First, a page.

The global pandemic COVID-19 has certainly put a spotlight on our respiratory health. However, viral respiratory infections are not new at all. Nearly every single one of us has experienced a form of these infections, given that there are at least 200 strains of viruses that we can encounter in our lifetime. Nobody is spared from the risk of viral respiratory infections. From babies to our grandmas, everyone is susceptible.

Cause Of Viral Infections

Viral respiratory infections are caused by virus strains that can affect lung function and lead to respiratory illnesses such as colds. A person becomes infected through inhaling droplets expelled by another infected person through coughing or sneezing, which is called direct contact.

Another possible way to be infected is through indirect contact, or when you touch objects that have the infected droplets on them. If you touch them and then touch your face, you can accidentally inhale those infected droplets. Common respiratory viruses include influenza virus, respiratory syncytial virus, parainfluenza virus, adenovirus, and the most common of them all, rhinovirus, which is more popularly called the common cold.


The incubation period for the virus will depend on the strain, but it is common to develop symptoms anywhere from 1-10 days from the initial exposure to the virus. In the case of COVID-19, the maximum incubation period is believed to be 14 days.

Most symptoms of viral respiratory infections are mild and subside on their own after a few days. Symptoms include fever, cough, sneezing, runny nose, and sore throat. Viral infections can also cause headaches, muscle aches, and generally feeling unwell, or body malaise.

Most people suffer from mild symptoms and improve only after a few sick days. However, the very young and the very old, as well as people whose immune systems are compromised, are more at risk of suffering severe or even extreme complications from viral infections, as their immune systems are weaker.

People from these vulnerable groups can develop life-threatening conditions such as pneumonia, croup, meningitis, and encephalitis when the viral infection worsens. Younger children are more prone to viral respiratory infections since they haven’t developed antibodies for several of these viral strains.


There are no specific treatments for mild symptoms. Patients are advised to rest for a few days and up their fluid intake to loosen mucus and relieve nasal congestion. Antibiotics are not beneficial for viral infections, but patients may take paracetamol for headache and fever. For severe cases, antiviral drugs may be taken as prescribed by the doctor.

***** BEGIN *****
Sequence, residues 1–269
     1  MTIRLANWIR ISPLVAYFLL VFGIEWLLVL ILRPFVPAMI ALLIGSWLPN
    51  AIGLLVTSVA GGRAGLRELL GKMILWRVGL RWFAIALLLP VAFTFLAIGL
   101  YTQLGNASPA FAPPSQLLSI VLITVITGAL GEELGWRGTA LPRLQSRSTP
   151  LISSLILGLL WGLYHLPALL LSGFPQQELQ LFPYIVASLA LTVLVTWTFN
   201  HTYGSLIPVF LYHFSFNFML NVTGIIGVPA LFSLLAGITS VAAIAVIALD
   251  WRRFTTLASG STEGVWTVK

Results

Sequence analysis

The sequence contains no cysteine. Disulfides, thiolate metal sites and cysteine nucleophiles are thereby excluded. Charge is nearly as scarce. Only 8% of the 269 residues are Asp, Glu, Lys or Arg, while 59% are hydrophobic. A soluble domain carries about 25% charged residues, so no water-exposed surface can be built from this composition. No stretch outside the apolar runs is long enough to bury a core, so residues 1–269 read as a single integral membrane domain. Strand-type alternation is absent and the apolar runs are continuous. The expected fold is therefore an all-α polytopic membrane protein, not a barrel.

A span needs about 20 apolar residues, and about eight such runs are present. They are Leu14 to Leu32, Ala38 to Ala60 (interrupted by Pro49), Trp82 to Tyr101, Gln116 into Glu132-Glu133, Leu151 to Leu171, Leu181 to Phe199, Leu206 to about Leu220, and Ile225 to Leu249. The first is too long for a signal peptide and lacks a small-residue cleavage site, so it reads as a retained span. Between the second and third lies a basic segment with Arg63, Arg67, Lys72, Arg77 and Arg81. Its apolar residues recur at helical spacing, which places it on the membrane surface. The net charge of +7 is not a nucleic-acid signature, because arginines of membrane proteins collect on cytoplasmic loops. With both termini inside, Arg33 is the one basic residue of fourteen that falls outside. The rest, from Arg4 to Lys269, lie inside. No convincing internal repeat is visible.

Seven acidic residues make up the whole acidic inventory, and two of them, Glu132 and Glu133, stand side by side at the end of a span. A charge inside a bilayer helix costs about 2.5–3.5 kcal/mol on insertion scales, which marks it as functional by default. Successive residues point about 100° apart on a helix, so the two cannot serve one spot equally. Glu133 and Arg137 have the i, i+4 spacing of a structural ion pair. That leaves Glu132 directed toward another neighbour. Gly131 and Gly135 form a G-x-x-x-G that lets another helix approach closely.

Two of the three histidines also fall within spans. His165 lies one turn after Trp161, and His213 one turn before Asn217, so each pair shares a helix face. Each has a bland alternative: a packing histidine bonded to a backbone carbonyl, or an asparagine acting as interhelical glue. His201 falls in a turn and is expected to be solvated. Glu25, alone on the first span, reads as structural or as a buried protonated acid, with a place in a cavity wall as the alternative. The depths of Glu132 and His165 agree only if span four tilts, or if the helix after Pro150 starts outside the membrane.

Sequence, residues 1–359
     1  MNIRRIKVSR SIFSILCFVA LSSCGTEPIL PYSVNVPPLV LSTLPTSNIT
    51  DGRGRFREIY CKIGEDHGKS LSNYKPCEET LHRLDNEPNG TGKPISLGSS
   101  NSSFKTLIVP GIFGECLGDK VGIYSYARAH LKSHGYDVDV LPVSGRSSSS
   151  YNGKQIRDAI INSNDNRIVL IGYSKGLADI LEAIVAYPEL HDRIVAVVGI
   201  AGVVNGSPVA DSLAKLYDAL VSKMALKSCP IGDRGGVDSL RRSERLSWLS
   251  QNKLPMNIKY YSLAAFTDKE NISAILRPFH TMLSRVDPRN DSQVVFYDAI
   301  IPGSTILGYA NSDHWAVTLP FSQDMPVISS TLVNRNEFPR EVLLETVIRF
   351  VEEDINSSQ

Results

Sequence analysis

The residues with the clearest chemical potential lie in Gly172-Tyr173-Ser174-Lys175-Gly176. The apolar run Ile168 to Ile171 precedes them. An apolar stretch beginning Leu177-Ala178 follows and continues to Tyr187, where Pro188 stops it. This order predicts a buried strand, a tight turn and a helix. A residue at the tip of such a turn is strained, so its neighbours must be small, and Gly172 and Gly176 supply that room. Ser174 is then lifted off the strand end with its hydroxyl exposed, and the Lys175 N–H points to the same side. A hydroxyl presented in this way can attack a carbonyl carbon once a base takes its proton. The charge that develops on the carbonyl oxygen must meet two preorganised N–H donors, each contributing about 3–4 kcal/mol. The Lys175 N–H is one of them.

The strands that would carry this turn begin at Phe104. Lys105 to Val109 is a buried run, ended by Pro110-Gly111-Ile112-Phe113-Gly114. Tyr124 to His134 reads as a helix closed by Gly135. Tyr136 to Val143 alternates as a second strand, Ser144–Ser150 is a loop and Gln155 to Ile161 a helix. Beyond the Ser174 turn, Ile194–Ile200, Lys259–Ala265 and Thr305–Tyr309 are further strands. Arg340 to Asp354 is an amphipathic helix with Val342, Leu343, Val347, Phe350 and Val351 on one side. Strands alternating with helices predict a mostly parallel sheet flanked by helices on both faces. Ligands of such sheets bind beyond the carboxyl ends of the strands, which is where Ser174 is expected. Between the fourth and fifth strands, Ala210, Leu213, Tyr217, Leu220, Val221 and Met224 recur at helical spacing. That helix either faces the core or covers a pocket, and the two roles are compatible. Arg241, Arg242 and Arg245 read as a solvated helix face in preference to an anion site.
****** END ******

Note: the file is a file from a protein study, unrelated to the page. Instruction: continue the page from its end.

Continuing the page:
When To See A Doctor

Since most viral infections are mild, a few sick days should help you get back on your feet and will also help ensure that you don’t get to spread the virus to others. But in some cases, viral infections warrant a trip to the doctor for advice, especially if the patient’s condition becomes worse.

Shortness of breath, difficulty in finishing a sentence, feeling very weak, confusion, and dehydration, are signs that the patient should go to the hospital or a doctor immediately.


The good news about viral infections, in general, is that the prevention and cure are largely in our hands, literally. To prevent getting sick and infecting others, regular and proper handwashing is important. Wash your hands with soap and water for at least twenty seconds to ensure that any virus is washed off completely.

Train yourself to not touch your face; most people touch their face habitually far too often. Avoid sharing your personal belongings such as cups and utensils and make sure to wash these properly.

Regularly disinfect items that you often touch with your hands, such as doorknobs, remote controls, and your cellphone. Finally, boost your immune system by taking vitamin C supplements and consuming foods that are rich in vitamin C such as citrus fruits.

The human race has been fighting off viral infections for many thousands of years. Over time, we have developed antibodies and vaccines to help us fight off these infections. Similarly, we have also developed habits and know-how that can assist us in avoiding getting infected.

As COVID-19 has affected the respiratory health of many people, there has been an urgency to try to control the spread of this deadly virus. Eventually, scientists will hopefully be able to develop a vaccine that can prevent the spread of these types of viruses. However, in the meantime, be prepared and learn how to protect yourself.

Jeff Moji

Hi there. I'm Jeff Moji, an engineer, information technologist, and health enthusiast. I have set up this website to explore the best ways to keep fit and healthy as I grow older during this pandemic-prone time. Please keep in touch so we can exchange information and spur one another on.

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